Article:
Customer feedback - Lego

Customer Feedback & NPS

B2B relationships are a lot more complicated than consumer relationships and have a much higher lifetime value. There are often multiple decision-makers and decision-influencers, making it difficult to get a clear read on the overall strength of the relationship at any given time. Fortunately, B2B customers find their relationship with suppliers to be just as important as the supplier, which is why you shouldn’t be afraid to ask what your customers think.

Here at Bollin Green, we’ve supported companies across the globe by gathering actionable customer feedback which has highlighted their client’s pains, challenges and even found new ways to improve their services. All of which has helped to enhance their customer’s relationship and lead to an increase in long-lasting customers.

The Golden Rules to Customer Feedback

1. Respect the customer

Respecting the customer is the first principle of any agile customer feedback campaign, and this is far more important when it comes to B2B relationships. The complex nature and the high value on B2B relationships makes it vital you respect each other.

Exclusion rules. It’s essential to make sure you aren’t asking the same person to take a survey over and over. It’s generally recommended that if a customer has provided feedback, they won’t be asked again for at least a month. And if the customer has asked not to be surveyed, make sure to respect their wishes.

Be on the ball. If a customer has a bad experience or needs attention, get on it as soon as possible. Making sure you have some form of customer feedback process in place is necessary. After all, if your customers can’t feedback to you, how do you know if you’re doing a good job? Communication is key; getting the customers feedback and asking how you can improve or rectify any issues will go a long way. It shows you are listening, and it will also help you to gather some useful insight to avoid these issues in the future.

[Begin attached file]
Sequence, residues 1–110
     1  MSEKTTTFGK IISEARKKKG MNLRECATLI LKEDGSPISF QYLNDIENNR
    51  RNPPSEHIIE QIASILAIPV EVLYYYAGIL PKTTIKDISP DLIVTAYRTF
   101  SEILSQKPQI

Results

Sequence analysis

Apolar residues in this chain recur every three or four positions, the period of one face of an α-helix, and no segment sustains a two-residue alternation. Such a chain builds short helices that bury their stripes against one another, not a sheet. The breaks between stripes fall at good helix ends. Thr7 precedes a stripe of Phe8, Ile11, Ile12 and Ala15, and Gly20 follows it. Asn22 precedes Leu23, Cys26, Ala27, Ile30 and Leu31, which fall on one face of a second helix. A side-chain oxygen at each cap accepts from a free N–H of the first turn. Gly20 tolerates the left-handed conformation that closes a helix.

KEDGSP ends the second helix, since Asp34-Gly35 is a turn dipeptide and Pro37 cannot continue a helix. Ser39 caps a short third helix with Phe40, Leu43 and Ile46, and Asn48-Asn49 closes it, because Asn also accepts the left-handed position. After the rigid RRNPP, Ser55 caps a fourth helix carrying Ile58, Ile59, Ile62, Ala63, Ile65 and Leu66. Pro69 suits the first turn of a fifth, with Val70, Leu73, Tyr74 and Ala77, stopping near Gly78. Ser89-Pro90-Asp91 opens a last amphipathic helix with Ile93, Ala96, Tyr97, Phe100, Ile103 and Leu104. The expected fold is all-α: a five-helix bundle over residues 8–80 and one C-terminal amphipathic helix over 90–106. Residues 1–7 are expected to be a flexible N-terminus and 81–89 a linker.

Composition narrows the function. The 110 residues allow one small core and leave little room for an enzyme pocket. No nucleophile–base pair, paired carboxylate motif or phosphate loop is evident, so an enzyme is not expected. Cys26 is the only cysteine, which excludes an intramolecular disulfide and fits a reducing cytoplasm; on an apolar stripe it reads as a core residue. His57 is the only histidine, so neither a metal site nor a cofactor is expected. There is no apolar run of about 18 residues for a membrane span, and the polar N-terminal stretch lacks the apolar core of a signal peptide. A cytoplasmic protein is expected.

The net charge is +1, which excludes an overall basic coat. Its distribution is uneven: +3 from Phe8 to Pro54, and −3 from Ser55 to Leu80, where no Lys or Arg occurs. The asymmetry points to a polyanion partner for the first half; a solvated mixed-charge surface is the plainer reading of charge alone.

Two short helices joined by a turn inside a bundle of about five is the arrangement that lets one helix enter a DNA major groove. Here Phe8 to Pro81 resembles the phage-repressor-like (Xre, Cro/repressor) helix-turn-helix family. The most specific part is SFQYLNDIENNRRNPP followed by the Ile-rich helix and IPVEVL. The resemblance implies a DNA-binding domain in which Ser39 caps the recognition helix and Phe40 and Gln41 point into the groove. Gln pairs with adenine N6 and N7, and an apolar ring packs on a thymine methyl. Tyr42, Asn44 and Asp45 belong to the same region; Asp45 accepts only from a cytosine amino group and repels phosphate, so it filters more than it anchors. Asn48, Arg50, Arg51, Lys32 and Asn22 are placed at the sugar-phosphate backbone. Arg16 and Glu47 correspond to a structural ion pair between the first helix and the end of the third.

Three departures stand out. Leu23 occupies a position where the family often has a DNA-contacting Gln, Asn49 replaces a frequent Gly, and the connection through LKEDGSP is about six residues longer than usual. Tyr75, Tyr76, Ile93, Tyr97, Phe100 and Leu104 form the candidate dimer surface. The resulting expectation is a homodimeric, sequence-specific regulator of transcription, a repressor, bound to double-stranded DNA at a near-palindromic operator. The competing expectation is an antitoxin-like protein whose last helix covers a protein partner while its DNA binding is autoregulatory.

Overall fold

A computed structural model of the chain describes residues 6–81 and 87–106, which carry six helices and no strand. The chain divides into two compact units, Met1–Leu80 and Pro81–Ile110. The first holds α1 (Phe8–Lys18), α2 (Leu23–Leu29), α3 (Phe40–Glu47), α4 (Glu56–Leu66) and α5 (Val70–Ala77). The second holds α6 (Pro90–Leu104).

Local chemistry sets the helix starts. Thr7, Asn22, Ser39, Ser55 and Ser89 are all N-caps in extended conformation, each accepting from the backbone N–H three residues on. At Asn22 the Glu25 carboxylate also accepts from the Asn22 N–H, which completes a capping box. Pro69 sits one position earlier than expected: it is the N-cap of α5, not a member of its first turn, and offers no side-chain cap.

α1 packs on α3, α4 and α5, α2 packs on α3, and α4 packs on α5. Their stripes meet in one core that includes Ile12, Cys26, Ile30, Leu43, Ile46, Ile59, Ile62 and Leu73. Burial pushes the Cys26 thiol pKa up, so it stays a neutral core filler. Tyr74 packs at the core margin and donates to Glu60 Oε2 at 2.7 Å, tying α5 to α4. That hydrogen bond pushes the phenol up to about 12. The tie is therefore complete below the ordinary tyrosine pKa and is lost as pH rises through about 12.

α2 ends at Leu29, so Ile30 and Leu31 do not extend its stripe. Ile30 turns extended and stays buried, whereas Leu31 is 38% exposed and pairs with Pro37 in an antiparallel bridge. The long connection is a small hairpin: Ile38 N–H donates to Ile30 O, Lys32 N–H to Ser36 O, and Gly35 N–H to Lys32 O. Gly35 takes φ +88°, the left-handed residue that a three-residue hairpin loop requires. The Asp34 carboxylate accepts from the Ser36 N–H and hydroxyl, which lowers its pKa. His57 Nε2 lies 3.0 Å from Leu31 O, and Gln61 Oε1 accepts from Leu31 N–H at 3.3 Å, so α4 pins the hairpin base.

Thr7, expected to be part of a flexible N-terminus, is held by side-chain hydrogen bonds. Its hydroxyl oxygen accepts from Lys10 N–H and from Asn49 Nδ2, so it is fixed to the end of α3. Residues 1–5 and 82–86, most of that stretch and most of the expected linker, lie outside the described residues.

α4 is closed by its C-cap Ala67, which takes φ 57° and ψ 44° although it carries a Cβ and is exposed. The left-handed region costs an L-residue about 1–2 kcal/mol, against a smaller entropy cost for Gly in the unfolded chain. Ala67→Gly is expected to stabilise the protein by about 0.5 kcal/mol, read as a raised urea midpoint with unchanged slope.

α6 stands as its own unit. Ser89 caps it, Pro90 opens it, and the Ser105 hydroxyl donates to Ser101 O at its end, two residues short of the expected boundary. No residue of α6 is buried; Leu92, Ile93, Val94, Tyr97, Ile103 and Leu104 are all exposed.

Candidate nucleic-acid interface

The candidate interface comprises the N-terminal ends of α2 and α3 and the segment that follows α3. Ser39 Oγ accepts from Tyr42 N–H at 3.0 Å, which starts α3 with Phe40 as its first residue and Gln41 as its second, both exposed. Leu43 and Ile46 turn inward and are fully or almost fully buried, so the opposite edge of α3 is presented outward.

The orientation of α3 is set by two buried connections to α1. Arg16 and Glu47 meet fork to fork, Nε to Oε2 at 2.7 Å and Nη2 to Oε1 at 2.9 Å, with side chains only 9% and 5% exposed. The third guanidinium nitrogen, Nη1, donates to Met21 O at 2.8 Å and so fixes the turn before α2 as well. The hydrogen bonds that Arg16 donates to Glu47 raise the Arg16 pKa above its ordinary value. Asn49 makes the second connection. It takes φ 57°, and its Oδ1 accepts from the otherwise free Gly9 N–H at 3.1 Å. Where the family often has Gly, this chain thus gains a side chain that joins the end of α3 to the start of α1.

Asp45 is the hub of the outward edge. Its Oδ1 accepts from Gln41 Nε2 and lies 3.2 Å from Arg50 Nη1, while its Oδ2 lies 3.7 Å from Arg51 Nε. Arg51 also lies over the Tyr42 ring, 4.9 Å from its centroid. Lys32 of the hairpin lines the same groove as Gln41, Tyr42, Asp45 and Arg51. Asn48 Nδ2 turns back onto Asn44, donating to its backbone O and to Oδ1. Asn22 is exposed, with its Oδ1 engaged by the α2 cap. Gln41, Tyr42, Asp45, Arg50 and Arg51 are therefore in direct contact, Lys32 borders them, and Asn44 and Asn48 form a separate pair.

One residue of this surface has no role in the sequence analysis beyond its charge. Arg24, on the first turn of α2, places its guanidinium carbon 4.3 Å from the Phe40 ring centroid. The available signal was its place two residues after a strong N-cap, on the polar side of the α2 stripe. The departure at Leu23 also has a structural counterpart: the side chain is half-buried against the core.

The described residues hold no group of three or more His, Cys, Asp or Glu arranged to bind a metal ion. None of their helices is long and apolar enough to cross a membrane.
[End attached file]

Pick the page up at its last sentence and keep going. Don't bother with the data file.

Time is money. Respect your customers time. Keep the surveys short and relevant. If you need a longer survey, schedule a time for it. Try to avoid calling out of the blue and ask for more than five minutes if you need more than five minutes.

Personalise. Having a real person call shows to your customers that you are taking the relationship seriously. Sending an email communicates that you don’t want to spend the time listening to your customers – so why should they spend more of their time and money with you?

2. Consider the entire customer journey

Because B2B relationships typically have many different people involved in various aspects, you want to try and capture feedback throughout the customer journey. Asking for feedback after a customer service call or when you close a customer trouble ticket are obvious times to ask for feedback, but you should also be asking for feedback after deliveries, invoices, training sessions, new orders and any other point where a customer interacts with your business directly.

3. Have a customer-centric view

Each person is going to have a different perspective on your business relationship. It’s key that you can pull together the different surveys and establish a complete picture of your customer’s journey. Only then will you have the full context of the relationship.

What is NPS?

Are you curious to see how many of your customers would recommend you to their business connections? NPS is what you’re looking for. NPS is short for Net-Promoter Score. It’s based on a simple scale of 1 to 10 and divided into three key sections.

Detractors (score of 0-6) are customers who are unhappy with your service or product and would recommend against using it.

Passives (score of 7-8) are customers who are satisfied but not enthusiastic about your service or product. These customers are vulnerable to competitions offerings.

Promoters (score of 9-10) are loyal, enthusiastic customers who will keep buying your service/product and even go and promote it to other people – fueling business growth.

Customer NPS diagram

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